The reality of life in the third world is that the standard of healthcare is low, very low, so low as to be almost non-existent. Seeing a doctor is an incredible rarity, seeing an eye doctor is unheard of.
While you may take these annual visits for granted, imagine if you had never gone to a doctor at all. Certainly there are home remedies for most coughs and colds, bruises and scrapes, but what about your eyes? Are wearing eye glasses or contacts now? Take them off. What do you see? Can imagine going through life like that? Can you imagine trying to get through school like that?
None of the learners at Moshaweng High School wear eye glasses. They are lucky just to be at school (South Africa only guarantees a ninth grade education). The lack of eye wear is not a testament to their visual superiority, but rather a lack of proper eye care. They have never had an eye test. Everyday I seem them squinting up at the board, shuffling their chairs closer to see. Yes, they are at school, but unless they are able to see the board it hardly does them much good.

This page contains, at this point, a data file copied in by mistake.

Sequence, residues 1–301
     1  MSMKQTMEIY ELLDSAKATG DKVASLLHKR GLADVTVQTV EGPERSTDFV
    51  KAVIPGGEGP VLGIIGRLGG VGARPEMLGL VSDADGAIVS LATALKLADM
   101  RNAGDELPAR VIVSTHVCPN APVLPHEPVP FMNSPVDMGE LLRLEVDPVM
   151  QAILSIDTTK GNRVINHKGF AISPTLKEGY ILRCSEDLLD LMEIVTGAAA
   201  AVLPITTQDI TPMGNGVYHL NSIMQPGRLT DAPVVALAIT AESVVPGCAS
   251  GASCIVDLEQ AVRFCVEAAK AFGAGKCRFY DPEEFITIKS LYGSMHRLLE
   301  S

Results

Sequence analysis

Unite for Sight is a charitable organization that provides basic eye care to some of the world's poorest people. No, they are not coming to Loopeng, rather Neelam is going to them.
Some of you who have peeked at my Facebook page may wonder who the girl in all my photos is. It's Neelam, an aspiring eye doctor. For her senior year winter break, instead of going home to visit her family, Neelam is going to Chennai, India to work with Unite for Sight. Founded by a college student in her dorm room at Yale, Unite for Sight is not a particularly resource-rich endeavor and Neelam must pay her own way. If you are interested in donating, please follow this link: https://maestropay.com/uniteforsight/volunteers/ref/1746fdcd51dd4807b057748ad28ed58d
And now I will return to my sedulous study of vocabulary...